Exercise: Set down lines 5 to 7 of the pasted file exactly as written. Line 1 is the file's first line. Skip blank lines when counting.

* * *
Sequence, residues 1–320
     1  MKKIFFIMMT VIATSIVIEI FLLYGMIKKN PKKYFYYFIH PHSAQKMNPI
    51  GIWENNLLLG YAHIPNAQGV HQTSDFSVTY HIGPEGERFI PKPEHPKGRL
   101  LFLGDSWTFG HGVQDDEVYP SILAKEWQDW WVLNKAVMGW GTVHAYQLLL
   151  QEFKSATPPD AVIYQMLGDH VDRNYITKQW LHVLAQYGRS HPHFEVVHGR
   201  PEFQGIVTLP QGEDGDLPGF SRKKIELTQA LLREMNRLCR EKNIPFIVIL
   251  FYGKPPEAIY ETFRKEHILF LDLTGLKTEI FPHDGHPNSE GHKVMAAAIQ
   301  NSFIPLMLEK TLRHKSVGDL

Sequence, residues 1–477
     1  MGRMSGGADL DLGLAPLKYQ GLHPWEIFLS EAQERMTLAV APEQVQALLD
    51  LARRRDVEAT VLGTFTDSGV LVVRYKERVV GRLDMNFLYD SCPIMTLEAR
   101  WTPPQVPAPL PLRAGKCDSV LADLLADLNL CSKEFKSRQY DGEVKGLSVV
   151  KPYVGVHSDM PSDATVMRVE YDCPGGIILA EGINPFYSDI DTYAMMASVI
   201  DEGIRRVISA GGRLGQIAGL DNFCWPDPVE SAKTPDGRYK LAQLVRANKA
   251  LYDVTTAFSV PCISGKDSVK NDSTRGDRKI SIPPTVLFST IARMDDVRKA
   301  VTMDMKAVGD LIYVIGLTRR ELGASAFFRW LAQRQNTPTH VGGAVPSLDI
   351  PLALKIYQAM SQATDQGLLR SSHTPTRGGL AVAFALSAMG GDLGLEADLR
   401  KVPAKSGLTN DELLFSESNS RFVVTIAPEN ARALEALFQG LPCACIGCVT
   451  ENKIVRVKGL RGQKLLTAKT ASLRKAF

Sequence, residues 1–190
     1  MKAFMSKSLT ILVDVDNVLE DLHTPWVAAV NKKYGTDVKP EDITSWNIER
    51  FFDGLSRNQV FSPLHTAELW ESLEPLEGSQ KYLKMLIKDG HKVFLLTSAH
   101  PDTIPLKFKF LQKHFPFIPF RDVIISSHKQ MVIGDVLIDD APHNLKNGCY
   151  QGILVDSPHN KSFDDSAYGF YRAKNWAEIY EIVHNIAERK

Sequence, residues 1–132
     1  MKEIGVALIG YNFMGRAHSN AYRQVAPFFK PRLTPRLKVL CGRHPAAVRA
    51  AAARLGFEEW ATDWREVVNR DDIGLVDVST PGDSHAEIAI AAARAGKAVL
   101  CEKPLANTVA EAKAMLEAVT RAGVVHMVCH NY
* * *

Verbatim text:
   151  QEFKSATPPD AVIYQMLGDH VDRNYITKQW LHVLAQYGRS HPHFEVVHGR
   201  PEFQGIVTLP QGEDGDLPGF SRKKIELTQA LLREMNRLCR EKNIPFIVIL
   251  FYGKPPEAIY ETFRKEHILF LDLTGLKTEI FPHDGHPNSE GHKVMAAAIQ